On the candidate side, they are often reluctant to reveal their salaries. It is highly sensitive and personal information that – if they don’t have a rapport with the firm or recruiter they’re working with – they don’t yet know or trust what is to happen with that information. Whilst recruiters and HR professionals might be used to dealing with salary information on a daily basis, it shouldn’t be lost on them as to how candidates can feel about talking about salary generally.
Going forward, firms need to develop better and different strategies for finding the right candidates for the right roles, and in turn paying them the right package.
Firms can use interviewing techniques or specific-issue reference checking to test a candidate’s experience, skill set, knowledge and individual value. These methods don’t rely on salary and therefore don’t go up against these now prohibited questions on salary. High value search and recruiting partners differentiate themselves by using these techniques, and don’t rely on prior salary as a short-cut.
Firms should ask questions around salary expectation. Firms should know, either through their experienced HR professionals or their search and recruiting partners, whether those expectations are realistic. (If they’re not, that is a different conversation.) If a candidate’s salary expectation does not align with a salary range for a role at a firm, then that role the candidate and firm are discussing together is not going to be the right fit for both at that time. And that discussion is fine to have. But a firm can’t use salary history or data to formulate an offer.
A national firm would be wise to have only one policy across their firm which deals with their hiring policies to comply with the salary ban laws, as these new laws are simply the first of many. Savvy firms should draft a policy based on the strictest interpretation, and apply that across all offices to avoid a complicated state-by-state approach down the road. Taking a fair and modern approach will become a selling point for your firm. Your clients, your employees and your potential employees should know about this.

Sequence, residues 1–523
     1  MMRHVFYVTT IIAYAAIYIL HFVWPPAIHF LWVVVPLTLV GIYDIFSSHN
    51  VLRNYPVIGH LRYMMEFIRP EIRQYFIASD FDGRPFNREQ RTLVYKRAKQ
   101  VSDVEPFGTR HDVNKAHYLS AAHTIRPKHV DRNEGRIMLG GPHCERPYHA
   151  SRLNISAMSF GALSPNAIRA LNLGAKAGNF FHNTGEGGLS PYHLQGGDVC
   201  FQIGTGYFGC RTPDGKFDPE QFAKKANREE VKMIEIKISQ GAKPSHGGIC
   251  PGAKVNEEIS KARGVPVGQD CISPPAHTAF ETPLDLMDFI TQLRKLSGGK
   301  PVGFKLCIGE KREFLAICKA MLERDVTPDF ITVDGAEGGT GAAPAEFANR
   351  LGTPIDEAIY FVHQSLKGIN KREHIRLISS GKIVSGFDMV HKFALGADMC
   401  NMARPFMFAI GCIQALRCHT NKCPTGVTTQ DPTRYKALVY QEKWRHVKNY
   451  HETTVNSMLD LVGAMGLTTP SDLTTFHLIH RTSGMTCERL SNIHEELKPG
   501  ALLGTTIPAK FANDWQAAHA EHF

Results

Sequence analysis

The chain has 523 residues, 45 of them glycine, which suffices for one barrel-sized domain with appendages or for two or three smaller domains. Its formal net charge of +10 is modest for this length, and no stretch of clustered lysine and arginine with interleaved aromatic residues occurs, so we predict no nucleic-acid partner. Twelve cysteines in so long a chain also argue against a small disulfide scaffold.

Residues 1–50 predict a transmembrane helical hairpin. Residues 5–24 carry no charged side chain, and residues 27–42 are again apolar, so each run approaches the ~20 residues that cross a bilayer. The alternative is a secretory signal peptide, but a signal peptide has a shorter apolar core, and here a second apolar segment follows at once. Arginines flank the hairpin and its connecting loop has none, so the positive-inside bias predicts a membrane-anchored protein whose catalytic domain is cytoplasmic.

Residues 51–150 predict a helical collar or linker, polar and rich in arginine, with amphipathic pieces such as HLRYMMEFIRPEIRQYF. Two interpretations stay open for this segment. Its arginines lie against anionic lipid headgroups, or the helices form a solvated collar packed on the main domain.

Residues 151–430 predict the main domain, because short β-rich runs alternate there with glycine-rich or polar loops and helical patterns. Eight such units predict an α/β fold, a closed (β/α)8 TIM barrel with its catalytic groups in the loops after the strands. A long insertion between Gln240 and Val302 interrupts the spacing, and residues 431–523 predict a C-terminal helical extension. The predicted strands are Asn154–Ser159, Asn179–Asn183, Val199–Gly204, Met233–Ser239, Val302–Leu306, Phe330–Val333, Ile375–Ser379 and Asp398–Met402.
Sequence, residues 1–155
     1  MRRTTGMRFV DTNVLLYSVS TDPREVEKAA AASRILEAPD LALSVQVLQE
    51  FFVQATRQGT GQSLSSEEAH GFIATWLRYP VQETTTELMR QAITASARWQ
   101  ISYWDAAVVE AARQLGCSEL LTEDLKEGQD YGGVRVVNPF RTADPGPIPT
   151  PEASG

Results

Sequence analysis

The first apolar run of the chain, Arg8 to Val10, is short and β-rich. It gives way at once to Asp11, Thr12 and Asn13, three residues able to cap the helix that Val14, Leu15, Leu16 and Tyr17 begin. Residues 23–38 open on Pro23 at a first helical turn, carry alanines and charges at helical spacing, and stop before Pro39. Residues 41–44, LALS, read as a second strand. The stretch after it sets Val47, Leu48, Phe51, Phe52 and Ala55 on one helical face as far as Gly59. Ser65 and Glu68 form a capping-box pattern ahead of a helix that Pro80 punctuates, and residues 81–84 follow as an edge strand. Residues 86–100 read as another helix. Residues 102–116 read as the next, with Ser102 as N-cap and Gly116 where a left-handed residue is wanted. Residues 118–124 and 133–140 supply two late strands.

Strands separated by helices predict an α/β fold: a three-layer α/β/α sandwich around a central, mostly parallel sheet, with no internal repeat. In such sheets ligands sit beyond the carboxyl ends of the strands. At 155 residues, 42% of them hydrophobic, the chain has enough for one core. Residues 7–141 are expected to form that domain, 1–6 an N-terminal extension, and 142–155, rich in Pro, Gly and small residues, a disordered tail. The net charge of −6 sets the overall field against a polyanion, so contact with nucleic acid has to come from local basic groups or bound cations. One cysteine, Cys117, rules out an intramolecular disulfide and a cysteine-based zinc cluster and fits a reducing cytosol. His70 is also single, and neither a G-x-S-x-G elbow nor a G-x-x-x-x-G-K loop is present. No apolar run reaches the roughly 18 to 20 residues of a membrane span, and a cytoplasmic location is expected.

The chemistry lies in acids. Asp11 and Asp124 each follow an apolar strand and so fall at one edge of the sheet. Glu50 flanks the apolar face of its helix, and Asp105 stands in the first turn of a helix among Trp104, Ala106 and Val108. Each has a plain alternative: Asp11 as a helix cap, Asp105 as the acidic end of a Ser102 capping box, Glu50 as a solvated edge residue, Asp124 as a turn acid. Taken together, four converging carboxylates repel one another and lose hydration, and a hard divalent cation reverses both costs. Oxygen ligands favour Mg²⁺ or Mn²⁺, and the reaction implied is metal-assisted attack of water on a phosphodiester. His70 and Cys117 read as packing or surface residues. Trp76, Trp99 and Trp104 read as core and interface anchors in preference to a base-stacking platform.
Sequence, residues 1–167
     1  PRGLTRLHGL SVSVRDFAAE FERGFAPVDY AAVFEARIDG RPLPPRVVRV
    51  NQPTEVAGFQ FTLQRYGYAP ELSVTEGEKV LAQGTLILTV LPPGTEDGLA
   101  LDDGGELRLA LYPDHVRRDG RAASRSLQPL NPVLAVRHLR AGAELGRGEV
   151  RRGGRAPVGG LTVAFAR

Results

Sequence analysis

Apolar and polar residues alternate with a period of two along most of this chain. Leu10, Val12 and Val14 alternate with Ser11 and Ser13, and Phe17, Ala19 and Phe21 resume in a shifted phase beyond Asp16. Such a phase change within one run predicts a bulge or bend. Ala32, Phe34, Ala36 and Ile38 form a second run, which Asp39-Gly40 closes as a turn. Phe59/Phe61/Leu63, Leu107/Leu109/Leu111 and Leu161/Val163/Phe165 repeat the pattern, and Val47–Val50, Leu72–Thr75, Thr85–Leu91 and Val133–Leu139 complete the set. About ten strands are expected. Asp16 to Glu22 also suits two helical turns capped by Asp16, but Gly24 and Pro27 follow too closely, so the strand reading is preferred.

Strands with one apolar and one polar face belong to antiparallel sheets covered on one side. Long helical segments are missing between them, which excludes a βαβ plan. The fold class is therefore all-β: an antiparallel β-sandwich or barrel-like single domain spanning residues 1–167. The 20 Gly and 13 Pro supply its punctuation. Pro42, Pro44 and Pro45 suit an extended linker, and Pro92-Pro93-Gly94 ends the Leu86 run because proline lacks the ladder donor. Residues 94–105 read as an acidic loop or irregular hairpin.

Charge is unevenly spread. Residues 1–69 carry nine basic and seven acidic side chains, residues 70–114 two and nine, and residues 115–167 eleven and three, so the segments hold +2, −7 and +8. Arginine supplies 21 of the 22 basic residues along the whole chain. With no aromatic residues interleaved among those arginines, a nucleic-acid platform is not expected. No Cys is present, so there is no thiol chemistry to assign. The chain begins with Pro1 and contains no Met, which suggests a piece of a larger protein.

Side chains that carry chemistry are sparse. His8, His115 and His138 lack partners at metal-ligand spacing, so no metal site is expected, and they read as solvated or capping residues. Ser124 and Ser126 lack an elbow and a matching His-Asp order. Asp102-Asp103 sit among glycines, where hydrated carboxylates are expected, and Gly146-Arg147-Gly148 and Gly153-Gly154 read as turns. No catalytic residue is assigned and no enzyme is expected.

Where does your firm stand on this greater issue
These new laws go to the heart of a very important discussion in our society. This affects both women and men.
Your firm leadership should establish where they stand on this issue on principle, and beyond that which is currently required by law. Your clients, your employees, and potential employees, will all appreciate you being prudent and aligning yourself on the right side of the discussion.
Enjoy the discussions. We are in exciting times.
(NOTE: This article is not to be taken as legal advice. The author is not a practicing attorney, nor does the author purport to be. For any legal question or issue related to these topics in your state or city, you should seek advice from a practicing attorney.)
Kate Harry Shipham is the Principal of KHS People LLC, an executive search firm for BD and marketing people in professional services firms. Kate has done search and recruiting for 10 years and prior to that was an attorney. She loves what she does, and is always open to continuing the discussion: email@example.com